Afterlight by Isa Milman

Almost midway through her deeply moving memoir, Afterlight, Isa Milman discusses the composition of one of her poems: “I wrote it in what felt like a fugue state.” This description of the spontaneous gestation of her poem goes well beyond the poetics of a specific moment of dissociation from reality: her search for poetry, history, and home in Afterlight may be seen as an extended fugue state. Indeed, the book’s fugue-like counterpoint in chapters that alternate between past and present, and the quest for a lost twin re-enact a family’s fugue state. Moreover, the entire experience of recreating the history of the Holocaust serves as a reminder of how humanity dissociates from reality during atrocity. Milman’s voice and experience re-associate the amnesia of post-traumatic fugue states.

Milman spends much of her memoir trying to find the lost poems of her Aunt Basia, her mother’s twin sister who was murdered by the Nazis. As she travels to Europe in search of Polish and Ukrainian family roots, she uncovers other details of her family’s history. Milman writes poetry with her aunt in mind, and one particular poem honours Raoul Wallenberg and her friend Vera Parnes, and intertwines her mother’s gulag stories during World War Two:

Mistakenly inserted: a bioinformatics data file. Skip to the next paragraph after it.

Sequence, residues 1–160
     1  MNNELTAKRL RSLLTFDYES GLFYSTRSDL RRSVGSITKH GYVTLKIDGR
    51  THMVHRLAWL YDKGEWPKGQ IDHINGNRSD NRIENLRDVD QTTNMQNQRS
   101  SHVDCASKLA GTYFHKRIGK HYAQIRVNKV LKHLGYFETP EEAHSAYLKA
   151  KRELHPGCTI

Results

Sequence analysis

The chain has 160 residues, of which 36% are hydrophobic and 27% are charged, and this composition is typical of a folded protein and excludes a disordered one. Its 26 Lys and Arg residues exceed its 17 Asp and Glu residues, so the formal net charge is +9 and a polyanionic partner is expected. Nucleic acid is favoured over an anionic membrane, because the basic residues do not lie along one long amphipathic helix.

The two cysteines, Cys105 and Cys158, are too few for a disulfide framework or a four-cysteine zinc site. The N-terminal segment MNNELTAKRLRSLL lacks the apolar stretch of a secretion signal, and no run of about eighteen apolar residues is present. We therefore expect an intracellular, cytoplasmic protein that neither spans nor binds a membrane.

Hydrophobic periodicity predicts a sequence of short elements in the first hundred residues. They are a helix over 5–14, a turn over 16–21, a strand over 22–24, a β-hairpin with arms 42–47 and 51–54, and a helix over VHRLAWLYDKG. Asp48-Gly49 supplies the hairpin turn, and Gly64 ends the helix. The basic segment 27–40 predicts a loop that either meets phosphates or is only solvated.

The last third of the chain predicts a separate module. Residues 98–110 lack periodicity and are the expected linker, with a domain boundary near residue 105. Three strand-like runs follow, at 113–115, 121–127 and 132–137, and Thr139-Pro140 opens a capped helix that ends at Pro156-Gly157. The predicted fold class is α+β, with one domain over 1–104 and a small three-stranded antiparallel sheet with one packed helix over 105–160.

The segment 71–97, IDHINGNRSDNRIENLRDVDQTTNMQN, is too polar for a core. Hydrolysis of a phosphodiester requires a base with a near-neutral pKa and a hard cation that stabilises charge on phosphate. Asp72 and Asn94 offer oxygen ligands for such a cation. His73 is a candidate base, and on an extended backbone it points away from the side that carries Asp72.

“My name is Vera. I work for Raoul.

He disappeared after Budapest and

my job is to find him.

In the gulag you’ll find no wild game but

many have lost teeth biting into

a wolf. When there is no cutlery

such things are possible. Why, one night

as I hurried from commissary to hut

through knee-deep snow

I was forced to throw hot soup

in a wolf’s face …”

This poem displaces Aunt Basia and Isa’s quest to find her in Poland instead of Hungary. The wolf doesn’t belong to any fairy tale, but to the nightmare at the door, the hunger and deprivation that run through the pages of Afterlight.

The book opens with Mark Strand’s epigraph:

“That your search goes on for something you lost — a name,

A family album that fell from its own small matter

Into another, a piece of the dark that might have been yours …”

Strand’s search is Milman’s quest for lost names, a piece of the dark, and a fallen family album. In her “Introduction “ she explains her title: afterlight refers to light visible in the sky after sunset, or to a retrospective inquiry into history. That crepuscular moment complements her fugue state. Absorbed in memory and filling in blanks, the writer looks into a rearview mirror and gives life to ancestral specters. From Victoria to Siberia Milman’s memoir weaves a tapestry of tragedy and redemption through generations. The branches of her family tree accompany maps of her mother Sabina’s trek in 1939 from Warsaw to Kostopol, followed by another series of deportations from 1940-1946. These traumatic odysseys make it so difficult to put down roots, yet the author plants roots that flourish in Afterlife.